The nice thing about the fiefdom holders is they often are concerned with two things. First, that you don’t take away any of their power or resources, and second that they get some credit. This is why you have detail plans that alleviate their fears and show how their support will get them credit for success but insulate them if it fails. The political animals often want very much the same thing and may want to be the one who discusses or presents the idea in certain arenas so people associate the idea with them. They will also be the first to blame you if it fails. Those who are uninformed are the best gatekeepers, they are people who once you’ve thoroughly explained things, often become supporters and allies in the process. Finally, the boulders. Forget about them, a river does not try and go through a boulder, it goes around. That’s how you treat those people who are just always going to be a no for whatever reason. But be cognizant about how you do that, be careful not to get yourself into a political mess, go around them, but gently and this usually means approaching them, getting the no, and asking if they would have a problem approaching the process in another way.

What is likely very obvious at this point, is if you’re giving so many others opportunity to get credit, what’s left for you. In the beginning, nothing. That’s right, if you are trying to build programs for credit or simply as a resume builder you’ll likely fail. The primary focus needs to building something that provides a benefit for our students. If you do that, people will know who made it happen. I’ve made a thirty-five year, highly successful career out of not chasing credit, but focusing on getting things done for students. Don’t worry about the credit, you can still include what you did on your resume even if people on campus think others had roles they didn’t. Over time, being someone who is focused on serving students and gets things accomplished will serve you far better than chasing feathers in your cap.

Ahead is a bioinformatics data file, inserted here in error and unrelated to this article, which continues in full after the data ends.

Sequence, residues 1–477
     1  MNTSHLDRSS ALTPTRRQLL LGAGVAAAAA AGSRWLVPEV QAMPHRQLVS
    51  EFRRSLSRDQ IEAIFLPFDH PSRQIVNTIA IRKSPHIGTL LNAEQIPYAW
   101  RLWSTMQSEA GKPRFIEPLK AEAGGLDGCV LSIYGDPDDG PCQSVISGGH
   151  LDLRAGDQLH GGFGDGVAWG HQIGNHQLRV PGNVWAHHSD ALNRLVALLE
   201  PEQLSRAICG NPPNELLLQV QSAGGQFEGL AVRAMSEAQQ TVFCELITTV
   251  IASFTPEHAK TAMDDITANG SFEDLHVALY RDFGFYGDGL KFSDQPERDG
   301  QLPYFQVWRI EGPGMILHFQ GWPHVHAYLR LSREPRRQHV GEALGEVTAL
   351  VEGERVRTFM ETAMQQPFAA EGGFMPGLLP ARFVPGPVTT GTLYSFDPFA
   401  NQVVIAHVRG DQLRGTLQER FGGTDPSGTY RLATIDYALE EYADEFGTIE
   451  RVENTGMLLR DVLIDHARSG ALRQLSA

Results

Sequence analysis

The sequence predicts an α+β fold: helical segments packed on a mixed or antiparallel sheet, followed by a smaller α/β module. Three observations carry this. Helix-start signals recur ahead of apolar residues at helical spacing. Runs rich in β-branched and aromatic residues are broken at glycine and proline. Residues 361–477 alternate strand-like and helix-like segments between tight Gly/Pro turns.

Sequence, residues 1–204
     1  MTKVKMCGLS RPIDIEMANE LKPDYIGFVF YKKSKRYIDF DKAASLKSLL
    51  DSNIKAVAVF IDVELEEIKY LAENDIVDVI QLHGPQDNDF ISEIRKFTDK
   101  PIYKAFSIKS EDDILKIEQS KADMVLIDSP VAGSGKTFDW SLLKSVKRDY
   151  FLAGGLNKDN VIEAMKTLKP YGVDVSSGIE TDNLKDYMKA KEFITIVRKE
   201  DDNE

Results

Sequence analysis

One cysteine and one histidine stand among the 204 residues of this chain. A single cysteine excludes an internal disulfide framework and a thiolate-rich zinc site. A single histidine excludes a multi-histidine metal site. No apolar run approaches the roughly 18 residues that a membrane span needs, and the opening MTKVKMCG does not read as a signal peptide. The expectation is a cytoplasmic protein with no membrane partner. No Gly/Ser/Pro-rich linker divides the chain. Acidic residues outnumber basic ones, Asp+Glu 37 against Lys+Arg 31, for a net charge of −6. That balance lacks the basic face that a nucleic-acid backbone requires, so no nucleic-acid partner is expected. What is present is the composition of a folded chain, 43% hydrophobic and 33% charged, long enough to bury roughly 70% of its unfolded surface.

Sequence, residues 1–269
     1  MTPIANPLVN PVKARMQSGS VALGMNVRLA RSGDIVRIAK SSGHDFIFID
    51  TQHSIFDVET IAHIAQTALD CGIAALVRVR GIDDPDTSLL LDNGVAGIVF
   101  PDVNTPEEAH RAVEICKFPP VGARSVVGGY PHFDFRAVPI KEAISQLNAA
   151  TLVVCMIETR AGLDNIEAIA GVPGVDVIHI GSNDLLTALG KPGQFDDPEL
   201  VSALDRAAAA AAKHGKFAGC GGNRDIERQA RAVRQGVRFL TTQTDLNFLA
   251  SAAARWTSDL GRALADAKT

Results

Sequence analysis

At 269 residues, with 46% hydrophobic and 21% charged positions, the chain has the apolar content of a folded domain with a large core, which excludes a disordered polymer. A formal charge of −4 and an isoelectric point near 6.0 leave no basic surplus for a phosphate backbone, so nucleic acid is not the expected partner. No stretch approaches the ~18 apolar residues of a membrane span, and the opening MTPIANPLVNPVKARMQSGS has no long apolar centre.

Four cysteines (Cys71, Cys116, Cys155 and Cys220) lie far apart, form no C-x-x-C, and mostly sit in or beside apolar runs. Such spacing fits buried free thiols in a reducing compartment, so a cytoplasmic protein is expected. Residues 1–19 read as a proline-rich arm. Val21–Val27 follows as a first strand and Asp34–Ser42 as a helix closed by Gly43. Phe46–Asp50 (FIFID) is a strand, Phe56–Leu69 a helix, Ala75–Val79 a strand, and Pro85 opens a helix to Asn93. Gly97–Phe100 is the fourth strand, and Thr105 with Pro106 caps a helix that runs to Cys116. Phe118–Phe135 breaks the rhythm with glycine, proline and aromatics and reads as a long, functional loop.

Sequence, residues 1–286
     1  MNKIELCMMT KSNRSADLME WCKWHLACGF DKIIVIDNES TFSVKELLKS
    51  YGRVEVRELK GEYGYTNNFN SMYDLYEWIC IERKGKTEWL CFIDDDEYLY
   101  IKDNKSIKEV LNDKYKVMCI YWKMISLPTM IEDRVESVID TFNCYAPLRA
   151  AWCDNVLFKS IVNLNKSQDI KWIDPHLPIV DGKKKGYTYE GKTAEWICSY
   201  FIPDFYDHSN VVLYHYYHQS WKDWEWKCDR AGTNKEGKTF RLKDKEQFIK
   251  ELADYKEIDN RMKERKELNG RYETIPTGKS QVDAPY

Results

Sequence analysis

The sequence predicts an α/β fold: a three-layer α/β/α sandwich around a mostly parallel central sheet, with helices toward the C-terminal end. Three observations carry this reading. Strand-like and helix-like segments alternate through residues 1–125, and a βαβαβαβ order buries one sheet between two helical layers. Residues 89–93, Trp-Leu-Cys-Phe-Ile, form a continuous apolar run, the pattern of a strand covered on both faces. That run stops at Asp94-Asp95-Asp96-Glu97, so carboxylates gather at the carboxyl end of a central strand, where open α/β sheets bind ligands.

Program development is always a slower process than you would like. There are always more hoops to jump than you planned on and the ever famous, unknown – unknowns. But the upside is that when you successfully create a program that truly benefits students, there is no better feeling.

Published by Michael Kane

Michael Kane is a writer, photographer, educator, speaker, adventurer and a general sampler of life. His books on hiking and poetry are available in soft cover and Kindle on Amazon.